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Although I’m not technically entitled to get the Covid vaccine (I’m two years shy of 65), my friends at shul have strongly been encouraging me and other people over 40 to go get one anyway in order to increase the chances of creating herd immunity. They helped me find a website that asks the legally required questions and then allows me to register at a site in my area.
When I got to the site, almost no other people were there, aside from the staff and volunteers, probably because it was snowing. The volunteers asked for my ID but didn’t ask for proof of eligibility. Maybe they were happy to finally see someone coming through their doors.
But when I shared the news that I’d been vaccinated via email with my family, some of them criticized me for having gotten a vaccine that should have gone to those who actually fit the criteria, as in frontline health care workers and those over 65. One of them said: “Well, I’m going to wait until they officially allow people over 55 to get the vaccine,” implying that I “stole” the vaccine from someone who is more vulnerable. Instead of complimenting me on helping slow down the spread of the virus, he was trying to prove to me that he was acting more ethically.
I’m not sure where you are based, dear letter writer, but the vaccine rollout in many areas has been less than ideal. And, to be fair, it is an incredibly complicated project full of multiple moving parts. The general wisdom has been that anyone who can get a vaccine should do so, because there is no guarantee that it will go to someone else instead of going to waste. And the ultimate goal is that the whole population is immunized, so getting the vaccine helps the community.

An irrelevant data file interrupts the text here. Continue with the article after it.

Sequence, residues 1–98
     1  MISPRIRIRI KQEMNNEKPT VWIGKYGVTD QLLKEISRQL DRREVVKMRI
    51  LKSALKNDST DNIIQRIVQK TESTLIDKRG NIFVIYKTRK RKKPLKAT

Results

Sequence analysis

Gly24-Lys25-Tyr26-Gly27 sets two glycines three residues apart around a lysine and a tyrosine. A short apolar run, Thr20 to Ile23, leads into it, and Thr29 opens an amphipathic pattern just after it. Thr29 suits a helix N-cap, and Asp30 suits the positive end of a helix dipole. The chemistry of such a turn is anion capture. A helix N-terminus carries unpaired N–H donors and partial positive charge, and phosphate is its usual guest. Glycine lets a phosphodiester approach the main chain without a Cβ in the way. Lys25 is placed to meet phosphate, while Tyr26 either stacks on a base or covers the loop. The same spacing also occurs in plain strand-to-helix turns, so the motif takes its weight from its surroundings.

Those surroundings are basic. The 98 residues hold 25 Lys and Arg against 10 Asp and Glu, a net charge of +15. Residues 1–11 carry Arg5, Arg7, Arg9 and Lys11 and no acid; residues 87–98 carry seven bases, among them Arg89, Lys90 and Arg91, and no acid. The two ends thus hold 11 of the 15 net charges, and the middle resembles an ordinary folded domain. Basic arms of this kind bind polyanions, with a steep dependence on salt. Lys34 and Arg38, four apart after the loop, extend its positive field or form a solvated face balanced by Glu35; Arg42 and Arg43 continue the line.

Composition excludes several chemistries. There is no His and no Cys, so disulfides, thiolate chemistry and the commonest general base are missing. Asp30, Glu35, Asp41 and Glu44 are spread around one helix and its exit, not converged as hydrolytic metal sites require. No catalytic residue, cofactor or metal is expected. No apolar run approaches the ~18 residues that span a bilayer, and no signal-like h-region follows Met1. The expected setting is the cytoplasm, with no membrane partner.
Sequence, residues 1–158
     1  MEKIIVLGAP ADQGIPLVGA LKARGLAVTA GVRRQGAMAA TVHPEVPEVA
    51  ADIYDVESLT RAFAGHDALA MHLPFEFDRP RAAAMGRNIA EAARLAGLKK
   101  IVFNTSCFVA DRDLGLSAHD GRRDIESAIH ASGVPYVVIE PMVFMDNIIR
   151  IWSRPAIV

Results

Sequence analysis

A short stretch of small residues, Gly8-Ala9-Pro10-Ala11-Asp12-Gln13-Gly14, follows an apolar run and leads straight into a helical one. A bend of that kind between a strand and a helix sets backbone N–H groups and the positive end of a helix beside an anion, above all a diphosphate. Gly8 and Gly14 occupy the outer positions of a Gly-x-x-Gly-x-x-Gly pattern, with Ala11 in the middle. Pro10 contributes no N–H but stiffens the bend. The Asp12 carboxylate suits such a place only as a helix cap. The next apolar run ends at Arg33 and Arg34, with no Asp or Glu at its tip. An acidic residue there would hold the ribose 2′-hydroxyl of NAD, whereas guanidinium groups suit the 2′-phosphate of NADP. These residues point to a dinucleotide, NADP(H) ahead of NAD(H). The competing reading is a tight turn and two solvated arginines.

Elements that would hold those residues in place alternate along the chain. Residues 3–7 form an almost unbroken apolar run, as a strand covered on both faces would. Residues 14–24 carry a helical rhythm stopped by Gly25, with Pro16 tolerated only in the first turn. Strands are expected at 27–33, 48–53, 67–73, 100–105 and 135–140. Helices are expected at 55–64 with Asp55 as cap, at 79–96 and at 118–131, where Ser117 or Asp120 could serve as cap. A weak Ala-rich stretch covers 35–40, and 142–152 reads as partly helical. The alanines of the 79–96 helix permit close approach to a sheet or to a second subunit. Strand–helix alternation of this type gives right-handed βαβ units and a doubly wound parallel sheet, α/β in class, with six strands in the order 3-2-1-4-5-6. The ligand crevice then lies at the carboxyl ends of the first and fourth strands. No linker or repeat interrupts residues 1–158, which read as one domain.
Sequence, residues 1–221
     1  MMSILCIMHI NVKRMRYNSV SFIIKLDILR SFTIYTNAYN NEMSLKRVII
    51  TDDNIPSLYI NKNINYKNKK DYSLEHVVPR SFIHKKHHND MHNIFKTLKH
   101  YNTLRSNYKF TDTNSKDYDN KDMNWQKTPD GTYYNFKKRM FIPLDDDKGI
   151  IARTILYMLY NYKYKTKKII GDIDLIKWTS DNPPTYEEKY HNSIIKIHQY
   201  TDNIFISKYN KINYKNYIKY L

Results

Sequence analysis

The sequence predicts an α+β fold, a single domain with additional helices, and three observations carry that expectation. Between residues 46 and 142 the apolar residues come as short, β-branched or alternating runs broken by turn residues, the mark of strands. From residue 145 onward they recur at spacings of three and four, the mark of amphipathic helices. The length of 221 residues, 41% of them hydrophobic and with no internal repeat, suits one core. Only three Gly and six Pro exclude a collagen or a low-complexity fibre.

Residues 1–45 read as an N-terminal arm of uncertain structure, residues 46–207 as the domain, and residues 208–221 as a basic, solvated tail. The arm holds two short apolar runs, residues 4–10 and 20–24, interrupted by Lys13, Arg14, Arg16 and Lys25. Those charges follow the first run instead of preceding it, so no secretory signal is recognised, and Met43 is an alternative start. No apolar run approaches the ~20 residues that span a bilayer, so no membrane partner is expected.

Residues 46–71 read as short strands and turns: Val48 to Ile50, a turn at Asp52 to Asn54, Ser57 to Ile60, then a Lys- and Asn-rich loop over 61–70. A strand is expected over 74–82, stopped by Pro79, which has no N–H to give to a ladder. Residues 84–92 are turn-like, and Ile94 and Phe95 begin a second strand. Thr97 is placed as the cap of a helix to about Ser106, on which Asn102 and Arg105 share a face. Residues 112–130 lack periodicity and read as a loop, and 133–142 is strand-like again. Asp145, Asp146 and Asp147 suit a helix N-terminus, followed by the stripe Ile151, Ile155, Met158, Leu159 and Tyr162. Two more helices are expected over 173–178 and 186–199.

Your letter is sosufficiently circumspect, however, that I’m not sure if you approached this process completely above board. Who are these friends at shul, and what answers did they tell you to give to these legally required questions? What would you have said to the volunteers if they had asked for proof of eligibility?
There is a wide line between ‘gaming the system’ and ‘don’t let any vaccine go to waste’ but I’ll assume you are firmly on the right side of it. At almost 65, you can hardly be accused of ‘stealing’ a vaccine from one of your elders. In that vein, your relatives were rude in their responses. If they were genuinely concerned about your behavior, they could have reached out privately to ask about your process, instead of sharing their holier-than-thou reactions with the whole family.
But if you have any lingering guilt, why not pay it forward? It sounds like you benefited from the insider knowledge of your shul community. As we know, many older people who are eligible are struggling to register with the system. Is there anyone in your synagogue who might not yet be vaccinated who could use a helping hand?
Shira Telushkin lives in Brooklyn, where she writes on religion, fashion, and culture for a variety of publications. She is currently finishing a book on monastic intrigue in modern America. Got a question? Send it to firstname.lastname@example.org.
I got vaccinated, but my family thinks I cut the line. Should I have waited?